1. Gather Required Documents

Before heading to the immigration office, ensure you have the following documents ready:

  • Passport: Original passport with at least 6 months validity and a copy of the main page.
  • TM.6 Departure Card: The arrival/departure card you received upon entering Thailand.
  • TM.7 Application Form: The visa extension application form, which can be downloaded online or obtained at the immigration office.
  • Passport Photos: Two recent passport-sized photos (4x6 cm).
  • Proof of Funds: Evidence of sufficient funds, such as bank statements or cash.
  • Proof of Accommodation: A copy of your hotel booking or rental agreement.

2. Visit the Immigration Office

Locate the nearest immigration office. Popular offices for tourists include those in Bangkok, Chiang Mai, Phuket, and Pattaya. It’s advisable to arrive early to avoid long queues.

3. Fill Out the TM.7 Form

Complete the TM.7 application form with accurate information. If you’re unsure about any section, immigration officers are usually available to assist.

4. Submit Your Application

Submit your completed TM.7 form along with the required documents at the immigration office. An officer will review your application and may ask you a few questions regarding your stay.

5. Pay the Extension Fee

The standard fee for extending your stay is 1,900 Thai Baht (THB). Ensure you have the exact amount in cash as some offices may not accept card payments.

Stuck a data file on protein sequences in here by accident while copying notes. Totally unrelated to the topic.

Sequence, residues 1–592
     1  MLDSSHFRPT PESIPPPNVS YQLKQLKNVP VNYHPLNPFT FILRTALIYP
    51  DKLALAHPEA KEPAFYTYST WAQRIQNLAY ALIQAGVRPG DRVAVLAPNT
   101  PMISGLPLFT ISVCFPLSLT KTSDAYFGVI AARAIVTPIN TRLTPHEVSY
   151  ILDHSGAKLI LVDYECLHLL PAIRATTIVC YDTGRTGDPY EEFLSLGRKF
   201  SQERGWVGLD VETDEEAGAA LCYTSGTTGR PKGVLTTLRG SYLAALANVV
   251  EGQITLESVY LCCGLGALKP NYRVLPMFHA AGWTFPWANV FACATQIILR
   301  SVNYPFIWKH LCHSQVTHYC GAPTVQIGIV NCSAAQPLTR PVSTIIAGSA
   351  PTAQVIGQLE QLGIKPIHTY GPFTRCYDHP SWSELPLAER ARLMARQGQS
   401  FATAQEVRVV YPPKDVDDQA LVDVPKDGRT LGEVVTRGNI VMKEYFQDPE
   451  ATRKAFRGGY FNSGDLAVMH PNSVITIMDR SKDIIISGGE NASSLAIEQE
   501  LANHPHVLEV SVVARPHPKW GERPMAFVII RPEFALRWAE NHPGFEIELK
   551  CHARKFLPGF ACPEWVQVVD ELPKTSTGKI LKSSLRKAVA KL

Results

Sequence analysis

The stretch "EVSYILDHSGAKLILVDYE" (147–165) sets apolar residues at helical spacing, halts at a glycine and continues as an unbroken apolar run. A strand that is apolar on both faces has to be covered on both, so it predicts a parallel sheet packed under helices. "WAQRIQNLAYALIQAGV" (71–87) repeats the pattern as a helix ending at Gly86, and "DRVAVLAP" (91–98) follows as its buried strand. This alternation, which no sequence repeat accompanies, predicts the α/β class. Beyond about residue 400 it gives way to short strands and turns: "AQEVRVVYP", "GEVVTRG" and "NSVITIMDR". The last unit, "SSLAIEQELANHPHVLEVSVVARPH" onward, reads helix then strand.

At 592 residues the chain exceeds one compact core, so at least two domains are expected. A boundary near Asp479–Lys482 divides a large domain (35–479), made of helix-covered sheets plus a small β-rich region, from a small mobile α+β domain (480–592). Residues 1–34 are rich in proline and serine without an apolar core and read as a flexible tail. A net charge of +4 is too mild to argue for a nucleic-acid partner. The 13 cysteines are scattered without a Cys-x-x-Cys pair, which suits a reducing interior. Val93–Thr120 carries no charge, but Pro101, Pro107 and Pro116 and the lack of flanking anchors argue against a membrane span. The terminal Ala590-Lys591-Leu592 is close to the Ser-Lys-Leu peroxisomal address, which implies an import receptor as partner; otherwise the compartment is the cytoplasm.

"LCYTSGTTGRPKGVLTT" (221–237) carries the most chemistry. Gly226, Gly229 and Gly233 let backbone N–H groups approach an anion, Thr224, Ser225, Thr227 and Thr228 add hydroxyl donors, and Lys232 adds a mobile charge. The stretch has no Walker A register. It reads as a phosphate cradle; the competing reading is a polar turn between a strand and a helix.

6. Wait for Processing

After submitting your application and paying the fee, you may need to wait for your application to be processed. This can take anywhere from a few hours to a full day. Some offices provide same-day processing, while others might ask you to return the next day.

7. Receive Your Extended Visa

Once approved, your passport will be stamped with the new visa extension date. Double-check the new date to ensure it aligns with your planned departure from Thailand.

Tips for a Smooth Extension Process

  • Check Office Hours: Immigration offices have specific working hours and are closed on public holidays.
  • Dress Appropriately: Wear respectful attire when visiting the immigration office.
  • Be Polite and Patient: Immigration officers handle numerous requests daily; being courteous can make the process smoother.
  • Plan Ahead: Start the extension process at least a week before your current visa or exemption period expires to avoid any last-minute issues.

By following these steps, Uruguayan passport holders can successfully extend their stay in Thailand and continue enjoying their travels without interruption.

¡Hola, paisano! ¿Listo para una aventura inolvidable en Tailandia? Thai Kru es tu mejor aliado. Te ayudamos con todo: visas, alojamiento, tours personalizados, y hasta guías que hablan tu idioma. Sumérgete en la cultura tailandesa sin preocupaciones. ¡Dejá que Thai Kru te muestre lo mejor de Tailandia, desde sus playas paradisíacas hasta sus vibrantes mercados! ¿Qué esperás? ¡Vamos a la aventura!